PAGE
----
“Maybe none of these things will happen except in my mind and yours, because, like I told you, together we’re making magic, at least for the time being.”
Do you know what a time being is? I’ll give you a hint; you’re one, and I am one, and Naoko Yasutani, the protagonist of A Tale for the Time Being is one. So is Ruth, the failed memoirist who finds Nao’s diary washed up on the shores of British Columbia sometime after the tsunami that overwhelmed the Fukushima nuclear reactor. And so is the real Ruth Ozeki, the author of this interwoven tale. After Nao’s father loses his job in Silicon Valley during the dot-com bust, their family moves back to Japan, where both Nao and her father find themselves depressed and suicidal. Nao has decided that she is going to “drop out of time” just as she has dropped out of school, but first she is determined to share the life story of her great-grandmother, a 104-year-old Zen Buddhist nun who was once a novelist and a political radical. As Ruth reads Nao’s diary, she becomes obsessed with finding out what happened to the Yasutani family, but they seem to have left no trace behind.
With A Tale for the Time Being, Ruth Ozeki pushes the boundaries of the novel, and actively interrogates the relationship between the author and the reader. The reader slips into the shoes of Ruth, who fills the role of both author and reader herself. By annotating Nao’s diary, the author both interprets Japanese culture, and also subtly reminds the reader of her presence, both as character and as writer. Interjecting Ruth’s perspective also forces us to read Nao’s story more slowly, which admittedly does not jibe with Ruth’s burning curiosity to find out what happened to Nao, but does give the narrative a pleasing rhythm, and a healthy dose of suspense.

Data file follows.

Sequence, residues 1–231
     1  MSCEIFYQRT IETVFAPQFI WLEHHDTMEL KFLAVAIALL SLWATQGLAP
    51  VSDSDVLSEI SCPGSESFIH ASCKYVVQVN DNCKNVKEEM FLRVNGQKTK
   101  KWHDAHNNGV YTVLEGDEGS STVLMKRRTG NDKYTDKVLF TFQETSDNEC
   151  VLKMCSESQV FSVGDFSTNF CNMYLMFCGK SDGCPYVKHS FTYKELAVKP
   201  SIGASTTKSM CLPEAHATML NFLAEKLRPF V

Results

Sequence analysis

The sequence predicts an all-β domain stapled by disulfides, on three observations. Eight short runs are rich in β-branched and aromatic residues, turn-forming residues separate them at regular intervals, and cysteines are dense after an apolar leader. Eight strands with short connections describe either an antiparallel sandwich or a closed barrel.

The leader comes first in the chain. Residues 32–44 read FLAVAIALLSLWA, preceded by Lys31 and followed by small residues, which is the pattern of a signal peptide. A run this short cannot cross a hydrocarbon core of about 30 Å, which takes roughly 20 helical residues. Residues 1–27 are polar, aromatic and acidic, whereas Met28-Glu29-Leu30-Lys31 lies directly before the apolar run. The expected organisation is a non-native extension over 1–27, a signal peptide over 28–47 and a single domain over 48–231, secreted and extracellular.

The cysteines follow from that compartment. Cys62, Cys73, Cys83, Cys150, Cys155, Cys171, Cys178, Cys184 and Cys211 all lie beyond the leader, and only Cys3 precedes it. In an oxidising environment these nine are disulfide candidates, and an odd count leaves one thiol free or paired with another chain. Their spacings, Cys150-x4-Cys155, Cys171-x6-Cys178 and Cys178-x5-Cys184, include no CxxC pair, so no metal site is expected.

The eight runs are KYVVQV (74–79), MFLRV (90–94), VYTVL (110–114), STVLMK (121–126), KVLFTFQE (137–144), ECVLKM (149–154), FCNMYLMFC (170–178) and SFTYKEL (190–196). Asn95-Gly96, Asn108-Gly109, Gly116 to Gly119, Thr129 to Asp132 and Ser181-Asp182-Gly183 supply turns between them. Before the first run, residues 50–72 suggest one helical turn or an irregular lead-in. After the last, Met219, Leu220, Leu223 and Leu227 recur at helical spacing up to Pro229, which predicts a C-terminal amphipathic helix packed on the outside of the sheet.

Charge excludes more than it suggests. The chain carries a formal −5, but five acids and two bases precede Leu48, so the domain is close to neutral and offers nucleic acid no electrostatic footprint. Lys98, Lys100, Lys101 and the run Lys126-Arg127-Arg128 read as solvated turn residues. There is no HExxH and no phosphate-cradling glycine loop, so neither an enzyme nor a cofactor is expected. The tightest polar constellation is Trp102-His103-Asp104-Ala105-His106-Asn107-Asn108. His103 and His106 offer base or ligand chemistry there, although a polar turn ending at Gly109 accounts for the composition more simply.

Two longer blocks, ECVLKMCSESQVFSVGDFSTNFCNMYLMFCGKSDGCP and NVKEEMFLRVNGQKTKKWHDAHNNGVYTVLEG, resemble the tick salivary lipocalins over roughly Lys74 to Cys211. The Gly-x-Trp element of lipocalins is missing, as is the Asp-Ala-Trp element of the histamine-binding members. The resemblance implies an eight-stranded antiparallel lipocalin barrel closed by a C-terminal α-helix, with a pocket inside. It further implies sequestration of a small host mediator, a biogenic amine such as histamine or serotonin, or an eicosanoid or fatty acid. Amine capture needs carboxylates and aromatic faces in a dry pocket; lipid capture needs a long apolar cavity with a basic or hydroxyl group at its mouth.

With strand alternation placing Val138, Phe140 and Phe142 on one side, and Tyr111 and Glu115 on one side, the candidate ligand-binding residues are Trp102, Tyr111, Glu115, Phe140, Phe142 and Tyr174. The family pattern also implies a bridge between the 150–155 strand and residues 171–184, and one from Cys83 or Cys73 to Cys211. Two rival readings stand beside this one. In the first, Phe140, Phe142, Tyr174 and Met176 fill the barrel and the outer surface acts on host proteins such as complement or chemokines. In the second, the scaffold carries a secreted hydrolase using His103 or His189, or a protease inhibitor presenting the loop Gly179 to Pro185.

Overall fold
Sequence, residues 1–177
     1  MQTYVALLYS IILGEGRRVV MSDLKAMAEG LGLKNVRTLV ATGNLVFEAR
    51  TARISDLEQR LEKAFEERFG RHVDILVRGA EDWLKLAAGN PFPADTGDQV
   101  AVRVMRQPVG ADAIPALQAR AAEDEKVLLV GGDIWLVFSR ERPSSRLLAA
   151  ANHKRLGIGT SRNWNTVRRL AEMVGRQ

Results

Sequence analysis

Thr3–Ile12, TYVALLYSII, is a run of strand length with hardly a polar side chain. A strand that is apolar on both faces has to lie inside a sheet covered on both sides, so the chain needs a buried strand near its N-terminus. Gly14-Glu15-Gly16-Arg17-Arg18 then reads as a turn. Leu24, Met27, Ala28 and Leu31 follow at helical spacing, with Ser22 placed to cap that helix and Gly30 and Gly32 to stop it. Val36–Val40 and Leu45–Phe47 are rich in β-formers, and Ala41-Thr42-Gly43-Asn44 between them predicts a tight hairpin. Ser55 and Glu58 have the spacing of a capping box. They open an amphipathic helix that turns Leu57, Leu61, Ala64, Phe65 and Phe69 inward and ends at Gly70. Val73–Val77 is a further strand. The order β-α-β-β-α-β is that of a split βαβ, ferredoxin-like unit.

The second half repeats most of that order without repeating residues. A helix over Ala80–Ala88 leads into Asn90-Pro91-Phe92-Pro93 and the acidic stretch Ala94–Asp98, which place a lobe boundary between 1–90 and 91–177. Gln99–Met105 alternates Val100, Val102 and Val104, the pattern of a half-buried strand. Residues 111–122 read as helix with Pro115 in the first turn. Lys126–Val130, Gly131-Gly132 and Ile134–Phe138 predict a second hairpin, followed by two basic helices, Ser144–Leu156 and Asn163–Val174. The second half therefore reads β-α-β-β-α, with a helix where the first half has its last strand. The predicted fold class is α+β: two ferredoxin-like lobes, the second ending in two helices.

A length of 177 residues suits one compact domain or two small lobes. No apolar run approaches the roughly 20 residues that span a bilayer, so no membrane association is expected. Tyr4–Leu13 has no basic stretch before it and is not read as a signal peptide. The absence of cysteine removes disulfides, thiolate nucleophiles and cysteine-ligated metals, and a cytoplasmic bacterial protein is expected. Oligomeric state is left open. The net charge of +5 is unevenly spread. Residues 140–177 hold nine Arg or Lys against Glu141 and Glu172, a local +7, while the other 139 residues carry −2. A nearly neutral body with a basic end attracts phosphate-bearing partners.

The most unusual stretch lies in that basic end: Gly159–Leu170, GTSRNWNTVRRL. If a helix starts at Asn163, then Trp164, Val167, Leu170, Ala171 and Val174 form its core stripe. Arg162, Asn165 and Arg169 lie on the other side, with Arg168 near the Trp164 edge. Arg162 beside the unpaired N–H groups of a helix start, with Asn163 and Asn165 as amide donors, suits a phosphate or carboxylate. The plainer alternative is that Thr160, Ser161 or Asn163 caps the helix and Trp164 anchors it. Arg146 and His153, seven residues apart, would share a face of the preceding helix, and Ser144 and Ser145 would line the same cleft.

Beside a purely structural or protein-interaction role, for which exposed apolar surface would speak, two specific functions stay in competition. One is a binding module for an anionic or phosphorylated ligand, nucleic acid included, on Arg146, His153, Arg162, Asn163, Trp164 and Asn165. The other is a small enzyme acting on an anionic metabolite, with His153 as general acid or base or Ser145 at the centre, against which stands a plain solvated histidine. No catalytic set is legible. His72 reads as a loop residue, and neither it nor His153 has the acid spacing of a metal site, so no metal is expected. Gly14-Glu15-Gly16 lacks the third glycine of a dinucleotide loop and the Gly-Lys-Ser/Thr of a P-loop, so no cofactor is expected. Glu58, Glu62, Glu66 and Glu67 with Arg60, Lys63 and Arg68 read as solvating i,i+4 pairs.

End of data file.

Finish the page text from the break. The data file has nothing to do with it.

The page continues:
Just as the novel explores the overlapping roles of author and reader, A Tale for the Time Being occupies a space that is both Japanese and American, and yet neither, a situation that is familiar to both Nao, and Ozeki. Nao’s American upbringing leaves her feeling like an alien in Japan, while Ozeki has related being bullied for being Asian in America, causing her to identify with her Japanese heritage, only to later go to Japan and discover how American she truly was. A Tale for the Time Being emerges from this liminal space, and explores these complicated identities.
The novel also emphasizes the interconnected nature of all things, people to one another, and to the environment. Ozeki uses both quantum mechanics (simply explained) and Zen Buddhist concepts (deceptively simple) to draw these connections. Where science and Buddhism blend together, Ozeki infuses her own particular flavour of magic realism, which manifests in strange coincidences, vivid dreams, and recurring natural imagery. This is also the aspect of the novel that is most likely to be divisive. If you can try to accept the connections Ozeki draws between seemingly disparate things, A Tale for the Time Being comes together beautifully. But if you feel it is asking you to stretch too far, it can seem a muddle of intriguing but disconnected elements.
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